In 2016 Dr Bill Rosenberg, Policy Director/Economist at New Zealand Council of Trade Unions, said: “New Zealand’s problems are in large part due to a model which has it running along a track of low value, low wages and poor productivity growth”.
So what’s his evidence? Well, the office of the OECD first discussed what it called New Zealand’s ‘Productivity Paradox’ in its 2003 annual survey of our country.
It said: “The mystery is why a country that seems close to best practice in most of the policies that are regarded as the key drivers of growth is nevertheless just an average performer”.
Rosenberg also quotes The New Zealand Productivity Commission in 2013.
“New Zealand has both low productivity levels and growth rates in aggregate and at the industry level and, as such, shows no sign of ‘catching up’ towards higher productivity countries.”
In fact, Rosenberg argues, the gap is getting wider.
So what’s causing this? In recent weeks the OECD has cited weak competition rules, low savings and too little investment, especially in R&D. It has identified a mismatch between the skills Kiwis acquire and those they actually need to succeed. This tends to leave many of us overqualified for the jobs available. On the other hand, the OECD described many managers in New Zealand as underqualified mediocrities through lack of competition and a preponderance of smaller firms.
But Rosenberg lists other factors. These include what he describes as a ‘bloated’ banking sector and runaway house price inflation. He argues that the New Zealand dollar’s popularity on the foreign exchange markets helps keep it overvalued, suppressing exports. Meanwhile increasing inequality and poverty are creating a drag on our economic progress.
“New Zealand’s exports are excessively dependent on a relatively narrow range of land-based commodities and tourism,” he says.
So how can we boost high value production, manufacturing and invisible exports?
Rosenberg’s day job means his answers don’t surprise. He argues for increased wage bargaining power, capital regulation and employment law more favourable to workers. But it’s difficult to see how this would be attempted in the political realities of 2017.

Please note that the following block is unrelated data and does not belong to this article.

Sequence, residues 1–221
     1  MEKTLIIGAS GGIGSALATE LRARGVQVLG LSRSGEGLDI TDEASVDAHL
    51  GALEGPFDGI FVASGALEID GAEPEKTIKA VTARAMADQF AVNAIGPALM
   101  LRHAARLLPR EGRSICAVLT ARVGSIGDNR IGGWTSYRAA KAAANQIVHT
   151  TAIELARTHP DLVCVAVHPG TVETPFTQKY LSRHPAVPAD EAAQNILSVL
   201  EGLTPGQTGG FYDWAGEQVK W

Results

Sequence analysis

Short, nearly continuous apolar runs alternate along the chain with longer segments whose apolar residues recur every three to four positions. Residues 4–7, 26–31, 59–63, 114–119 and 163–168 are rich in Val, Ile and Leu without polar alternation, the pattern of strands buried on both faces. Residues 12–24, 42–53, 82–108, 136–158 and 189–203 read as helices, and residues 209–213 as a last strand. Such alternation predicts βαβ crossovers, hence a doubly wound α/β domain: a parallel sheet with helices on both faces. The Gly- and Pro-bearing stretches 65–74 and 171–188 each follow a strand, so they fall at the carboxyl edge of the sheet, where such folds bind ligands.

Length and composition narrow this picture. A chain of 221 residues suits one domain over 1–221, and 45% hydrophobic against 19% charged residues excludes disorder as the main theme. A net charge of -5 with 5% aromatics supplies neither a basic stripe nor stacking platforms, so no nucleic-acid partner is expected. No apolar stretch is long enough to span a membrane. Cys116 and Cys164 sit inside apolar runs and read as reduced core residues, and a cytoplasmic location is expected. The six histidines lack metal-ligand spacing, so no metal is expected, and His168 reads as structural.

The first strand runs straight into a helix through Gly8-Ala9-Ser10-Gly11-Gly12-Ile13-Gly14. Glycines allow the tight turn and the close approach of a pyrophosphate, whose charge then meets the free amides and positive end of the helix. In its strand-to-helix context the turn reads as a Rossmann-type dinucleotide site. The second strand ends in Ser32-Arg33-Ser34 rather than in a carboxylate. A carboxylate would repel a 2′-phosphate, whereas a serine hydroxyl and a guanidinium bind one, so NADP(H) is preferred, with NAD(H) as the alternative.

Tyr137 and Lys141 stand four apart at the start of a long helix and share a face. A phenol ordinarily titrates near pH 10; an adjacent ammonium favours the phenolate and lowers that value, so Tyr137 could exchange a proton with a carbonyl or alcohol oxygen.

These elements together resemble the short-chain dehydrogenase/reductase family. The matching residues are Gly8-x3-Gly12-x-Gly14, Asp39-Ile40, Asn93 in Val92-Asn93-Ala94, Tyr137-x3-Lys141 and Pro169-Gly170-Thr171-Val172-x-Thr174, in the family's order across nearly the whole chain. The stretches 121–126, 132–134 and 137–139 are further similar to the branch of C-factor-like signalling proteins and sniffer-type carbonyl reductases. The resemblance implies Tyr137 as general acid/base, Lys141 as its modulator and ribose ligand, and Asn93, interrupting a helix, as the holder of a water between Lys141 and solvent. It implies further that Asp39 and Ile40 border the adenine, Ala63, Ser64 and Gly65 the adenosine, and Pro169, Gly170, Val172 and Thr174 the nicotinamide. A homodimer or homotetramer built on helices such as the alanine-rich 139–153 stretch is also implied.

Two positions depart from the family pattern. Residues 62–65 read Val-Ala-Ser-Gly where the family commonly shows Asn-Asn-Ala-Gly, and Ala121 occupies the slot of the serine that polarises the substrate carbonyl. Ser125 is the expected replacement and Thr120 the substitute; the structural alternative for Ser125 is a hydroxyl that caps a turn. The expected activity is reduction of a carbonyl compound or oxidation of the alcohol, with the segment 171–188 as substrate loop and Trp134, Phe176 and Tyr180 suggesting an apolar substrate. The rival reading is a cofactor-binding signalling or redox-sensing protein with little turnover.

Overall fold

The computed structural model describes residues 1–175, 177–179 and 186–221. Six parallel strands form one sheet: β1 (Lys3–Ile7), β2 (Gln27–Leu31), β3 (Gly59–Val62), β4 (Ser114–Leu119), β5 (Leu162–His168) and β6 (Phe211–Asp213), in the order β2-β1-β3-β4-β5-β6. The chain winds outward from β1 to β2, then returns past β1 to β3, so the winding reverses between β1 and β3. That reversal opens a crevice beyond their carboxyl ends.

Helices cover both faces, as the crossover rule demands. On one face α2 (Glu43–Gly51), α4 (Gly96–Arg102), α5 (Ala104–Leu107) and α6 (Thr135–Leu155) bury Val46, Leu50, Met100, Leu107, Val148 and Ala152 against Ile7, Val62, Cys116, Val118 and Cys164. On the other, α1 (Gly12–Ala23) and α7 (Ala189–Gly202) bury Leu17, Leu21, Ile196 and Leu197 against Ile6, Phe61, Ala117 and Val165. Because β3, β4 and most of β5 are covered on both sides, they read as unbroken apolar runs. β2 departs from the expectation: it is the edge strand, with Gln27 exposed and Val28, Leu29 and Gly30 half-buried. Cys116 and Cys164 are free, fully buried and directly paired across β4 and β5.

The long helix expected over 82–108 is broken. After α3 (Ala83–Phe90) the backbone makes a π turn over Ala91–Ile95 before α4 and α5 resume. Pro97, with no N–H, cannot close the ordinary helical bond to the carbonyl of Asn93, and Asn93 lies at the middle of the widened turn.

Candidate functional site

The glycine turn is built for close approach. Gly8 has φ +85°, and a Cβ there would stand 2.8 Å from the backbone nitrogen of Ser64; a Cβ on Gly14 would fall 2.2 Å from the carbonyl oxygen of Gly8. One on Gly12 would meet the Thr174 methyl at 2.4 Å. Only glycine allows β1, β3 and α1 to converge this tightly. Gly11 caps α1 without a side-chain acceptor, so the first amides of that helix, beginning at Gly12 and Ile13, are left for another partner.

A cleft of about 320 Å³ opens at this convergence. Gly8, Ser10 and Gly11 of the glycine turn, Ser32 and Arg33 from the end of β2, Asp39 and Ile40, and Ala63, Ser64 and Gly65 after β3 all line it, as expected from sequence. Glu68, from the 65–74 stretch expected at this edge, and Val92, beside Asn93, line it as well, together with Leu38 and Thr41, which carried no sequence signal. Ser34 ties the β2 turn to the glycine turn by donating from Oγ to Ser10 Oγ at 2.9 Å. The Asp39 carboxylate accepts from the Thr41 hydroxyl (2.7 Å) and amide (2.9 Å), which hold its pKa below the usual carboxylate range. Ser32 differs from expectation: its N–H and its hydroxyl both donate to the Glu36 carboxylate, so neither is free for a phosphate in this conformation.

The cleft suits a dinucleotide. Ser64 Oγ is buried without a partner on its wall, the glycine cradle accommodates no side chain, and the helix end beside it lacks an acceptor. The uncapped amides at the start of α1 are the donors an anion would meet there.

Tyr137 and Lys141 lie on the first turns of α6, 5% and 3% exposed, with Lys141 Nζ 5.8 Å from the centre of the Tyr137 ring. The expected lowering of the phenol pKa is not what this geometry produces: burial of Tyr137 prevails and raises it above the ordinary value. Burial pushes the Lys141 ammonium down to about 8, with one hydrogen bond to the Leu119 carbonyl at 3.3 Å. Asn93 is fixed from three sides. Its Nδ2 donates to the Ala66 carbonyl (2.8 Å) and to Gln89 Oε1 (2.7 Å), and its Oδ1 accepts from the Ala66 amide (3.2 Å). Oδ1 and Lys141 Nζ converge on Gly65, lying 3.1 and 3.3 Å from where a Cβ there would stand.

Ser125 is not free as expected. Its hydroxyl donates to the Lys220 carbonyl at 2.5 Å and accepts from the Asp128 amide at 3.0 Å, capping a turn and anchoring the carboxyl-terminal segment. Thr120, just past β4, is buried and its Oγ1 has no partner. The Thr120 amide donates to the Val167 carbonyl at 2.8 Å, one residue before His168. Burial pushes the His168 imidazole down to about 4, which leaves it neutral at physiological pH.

Dr Ganesh Nana is Executive Director, Chief Economist of Wellington-based BERL. Last year his State of the New Zealand Economy described a nation where standard indicators might appear positive, but seem strangely disconnected from the genuine well-being of its people. This, he argues, is unsurprising for an inherently vulnerable export-dependent but narrowly focused resource-based economy.
Both he and Rosenberg find the standard moves from the neo-liberal playbook aren’t working. New Zealand isn’t creating the financial climate in which the required investment happens.
“The notion that New Zealand can develop an economy outside its dependence on its raw resource base remains more a symbol of hope than a reflection of strategic intent,” he says.
Today, two thirds of exports still rely on raw resources. And New Zealand tourism relies on natural attractions outside of urban centres. But at the same time our population is increasingly drifting away from the regions, primarily into Auckland, taking its tax dollars with it.
“GDP growth continues to be cited as the measure of performance, yielding rock-star status for the NZ economy,” says Nana. “But, the quality of this performance in terms of well-being outcomes continues to be overlooked.”
John L Walley is a businessman, investor and former CEO of the New Zealand Manufacturers and Exporters Association. His take on the New Zealand economy focuses on the offshoring of manufacturing over the last 30 years.
“There are pockets of success with some specialised products where New Zealand producers of elaborate goods do well in global niche markets but these successes cannot fully offset the decline in well-paid employment and elaborate product export revenue,” he says. “An intent to grow exports in relation to GDP has been voiced by government after government, from both sides of politics, but not much changes.”
His concern is that New Zealand may be losing its capacity to competitively produce complex exports. In the meantime we are bumping up against the environmental limits of primary activity. We are vulnerable to price fluctuations for the eggs, or rather milk, in a basket. And there is a growing threat from the accelerating development of lab-produced meat and dairy products.
Firms wanting to succeed in complex markets have to achieve escape velocity from New Zealand fairly quickly. It’s often the only way to gain access to large enough markets to sustain growth. But this can leave them heavily exposed to currency fluctuations before they have developed the kind of cash flows to shrug them off.
Walley argues government needs to incentivise investment with tax breaks, and cool the real estate boom at the very least.
“A move away from a policy framework that relies on wealth generated from asset rents, or more broadly the financial economy, to wealth based on providing well-paid demanding employment, supplying real things that customers value, an economy that invests in infrastructure, a real economy that works for more people will drive tomorrow’s politics.”
Whoever takes power in the coming weeks, it remains to be seen whether they will finally put their policies where our aspirations are.